• I am re-reading my tattered copy of Foucault’s Pendulum by Umberto Eco – I think I bought this book with my first paycheck during my “gap year”, along with a mini Chupa Chup tree and silk singlet that is still going strong. I no longer have a craving for Chupa Chups, but so far I am enjoying the book all over again
  • The Dress Lodger by Sheri Holman – I’m on an 18th and 19th century London kick, so I thought I’d follow Librarything’s recommendation and try this book. And . . . I adore it. Part Emma Donoghue (‘Slammerkin’), part Patrick Suskind and something new altogether. Featuring body snatching, the cholera morbus and richly-painted characters, I can’t wait to get my hands on another title by this author!
  • Last Chance to See by Mark Carwardine and Stephen Fry
  • Lolita by Vladimir Nabokov – beautifully written
  • Lessons in Letting Go by Corrine Grant
  • The Inner World of Farm Animals by Amy Hatkoff – Yes, laugh all you like, but it has been proven that sheep can recognise at least 50 of their woolly friends, and that turkeys give great hugs! This book was surprisingly easy to read; not overloaded with technical explanations and the like, and filled with lovely pictures of contented farm animals (the smiling piggies were my favourite!)
  • The Elephant Whisperer : learning about life, loyalty and freedom from a remarkable herd of elephants by Lawrence Anthony – Does anything beat a story about a “troublesome” herd of South African elephants?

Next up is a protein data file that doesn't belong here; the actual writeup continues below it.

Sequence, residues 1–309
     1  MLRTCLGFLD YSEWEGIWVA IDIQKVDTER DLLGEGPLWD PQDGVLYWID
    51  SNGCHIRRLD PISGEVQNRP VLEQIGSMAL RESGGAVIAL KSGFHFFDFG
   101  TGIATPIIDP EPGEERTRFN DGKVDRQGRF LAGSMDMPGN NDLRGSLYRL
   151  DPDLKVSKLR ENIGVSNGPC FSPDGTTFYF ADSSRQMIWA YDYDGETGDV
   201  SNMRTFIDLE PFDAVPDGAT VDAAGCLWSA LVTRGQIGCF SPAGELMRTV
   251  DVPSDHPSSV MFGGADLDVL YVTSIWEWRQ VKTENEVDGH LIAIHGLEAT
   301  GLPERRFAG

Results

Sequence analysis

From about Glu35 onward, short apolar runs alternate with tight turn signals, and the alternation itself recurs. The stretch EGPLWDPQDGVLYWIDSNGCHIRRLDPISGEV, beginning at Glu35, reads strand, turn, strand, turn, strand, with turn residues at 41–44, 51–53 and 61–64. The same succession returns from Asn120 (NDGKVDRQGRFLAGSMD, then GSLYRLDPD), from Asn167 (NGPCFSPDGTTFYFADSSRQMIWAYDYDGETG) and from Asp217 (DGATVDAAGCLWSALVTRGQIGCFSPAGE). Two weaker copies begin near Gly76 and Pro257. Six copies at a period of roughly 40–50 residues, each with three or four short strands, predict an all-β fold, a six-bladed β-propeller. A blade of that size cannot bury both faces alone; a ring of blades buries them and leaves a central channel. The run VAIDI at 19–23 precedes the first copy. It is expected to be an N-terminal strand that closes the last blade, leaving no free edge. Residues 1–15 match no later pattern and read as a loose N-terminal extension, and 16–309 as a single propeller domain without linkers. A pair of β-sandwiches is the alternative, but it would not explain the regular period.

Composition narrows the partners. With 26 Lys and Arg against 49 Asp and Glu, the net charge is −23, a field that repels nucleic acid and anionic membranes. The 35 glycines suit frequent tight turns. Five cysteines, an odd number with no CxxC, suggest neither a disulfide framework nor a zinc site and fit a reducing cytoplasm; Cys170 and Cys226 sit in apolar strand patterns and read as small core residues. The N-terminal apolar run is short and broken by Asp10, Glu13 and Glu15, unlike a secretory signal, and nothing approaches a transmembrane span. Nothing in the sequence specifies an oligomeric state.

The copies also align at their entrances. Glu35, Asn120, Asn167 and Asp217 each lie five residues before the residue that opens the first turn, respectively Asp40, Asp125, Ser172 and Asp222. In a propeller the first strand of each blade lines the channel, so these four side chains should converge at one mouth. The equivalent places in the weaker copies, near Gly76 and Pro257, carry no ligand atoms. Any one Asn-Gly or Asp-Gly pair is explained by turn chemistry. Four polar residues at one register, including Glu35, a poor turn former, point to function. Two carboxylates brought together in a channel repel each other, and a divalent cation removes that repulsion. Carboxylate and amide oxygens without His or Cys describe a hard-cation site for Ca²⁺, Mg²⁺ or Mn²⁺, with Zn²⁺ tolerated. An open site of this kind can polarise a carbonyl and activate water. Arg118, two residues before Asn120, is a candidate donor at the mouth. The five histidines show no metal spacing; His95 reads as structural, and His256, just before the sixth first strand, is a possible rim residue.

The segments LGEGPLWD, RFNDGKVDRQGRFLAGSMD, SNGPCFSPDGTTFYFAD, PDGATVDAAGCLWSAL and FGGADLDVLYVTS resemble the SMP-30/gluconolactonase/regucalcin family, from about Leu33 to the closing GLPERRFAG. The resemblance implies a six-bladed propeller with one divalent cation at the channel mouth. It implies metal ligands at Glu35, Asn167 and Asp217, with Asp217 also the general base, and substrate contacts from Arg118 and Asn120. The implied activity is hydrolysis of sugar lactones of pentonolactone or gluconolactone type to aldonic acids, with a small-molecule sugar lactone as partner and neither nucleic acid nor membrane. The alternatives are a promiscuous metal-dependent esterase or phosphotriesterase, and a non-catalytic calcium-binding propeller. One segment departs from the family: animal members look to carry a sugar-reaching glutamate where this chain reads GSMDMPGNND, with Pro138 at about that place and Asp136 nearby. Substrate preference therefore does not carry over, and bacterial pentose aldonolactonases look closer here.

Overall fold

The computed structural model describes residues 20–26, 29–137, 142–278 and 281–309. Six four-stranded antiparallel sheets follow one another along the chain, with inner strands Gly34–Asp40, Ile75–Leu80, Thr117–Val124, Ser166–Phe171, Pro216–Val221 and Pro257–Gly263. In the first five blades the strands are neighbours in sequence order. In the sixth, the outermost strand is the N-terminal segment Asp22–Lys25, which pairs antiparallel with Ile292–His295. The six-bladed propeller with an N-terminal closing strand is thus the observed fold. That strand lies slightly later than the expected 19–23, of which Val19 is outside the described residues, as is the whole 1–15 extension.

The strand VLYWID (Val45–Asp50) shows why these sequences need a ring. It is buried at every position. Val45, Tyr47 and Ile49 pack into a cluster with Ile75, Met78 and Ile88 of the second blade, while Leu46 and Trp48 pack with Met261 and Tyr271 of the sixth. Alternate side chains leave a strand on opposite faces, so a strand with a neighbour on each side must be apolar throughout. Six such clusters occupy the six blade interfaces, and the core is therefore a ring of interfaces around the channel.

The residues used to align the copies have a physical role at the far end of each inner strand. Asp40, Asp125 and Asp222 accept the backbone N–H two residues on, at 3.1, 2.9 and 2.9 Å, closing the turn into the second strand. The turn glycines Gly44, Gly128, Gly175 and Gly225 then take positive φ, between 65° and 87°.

• The Secret History by Donna Tartt – I’ve just started this for the second time. After reading it at school and having to extract every possible motif, I’m looking forward to some casual reading . . .
  • Indelible Ink by Fiona McGregor – an engaging novel set in Sydney, about a 59-year-old woman who suddenly falls in love with tattoos, after wandering into a tattoo parlour in the Cross. I loved this book and have reviewed it for Readers in the Mist.
  • The Female Brain by Lovann Brizendine – I found this discussion of what bio-chemical inputs influence female and male brains really interesting, until my feminist daughter said scathingly “That’s all been disproved, Mum, read this other one instead!” Oh, okay.
  • Murder on the Ballarat Train by Kerry Greenwood – Yes, another one of hers set in Victoria early in the 20th century
  • The Chant of Jimmie Blacksmith by Thomas Keneally. I heard Keneally speak at Katoomba’s Writers Week – terrific speaker – and decided to read this book of his. Liking it a lot.
  • Blackbird House by Alice Hoffman: a collection of beautifully-written short stories focusing on the inhabitants of a farmhouse in Massachussetts.
  • Dead Europe by Christos Tsiolkas – on an iPad, my first that way. Not the Europe I know; lots of rent boys and drugs. Tsiolkas doesn’t give you an easy read but by gum he’s enthralling!
  • Lovesong by Alex Miller – no one else in my book group liked this but I did!
  • Batavia’s Graveyard by Mike Dash. This story of mutiny and murder off the West Australian coast in the 1600s has just been re-told by Peter FitzSimons.

 

This entry was posted in What Library Staff are Reading and tagged . Bookmark the permalink.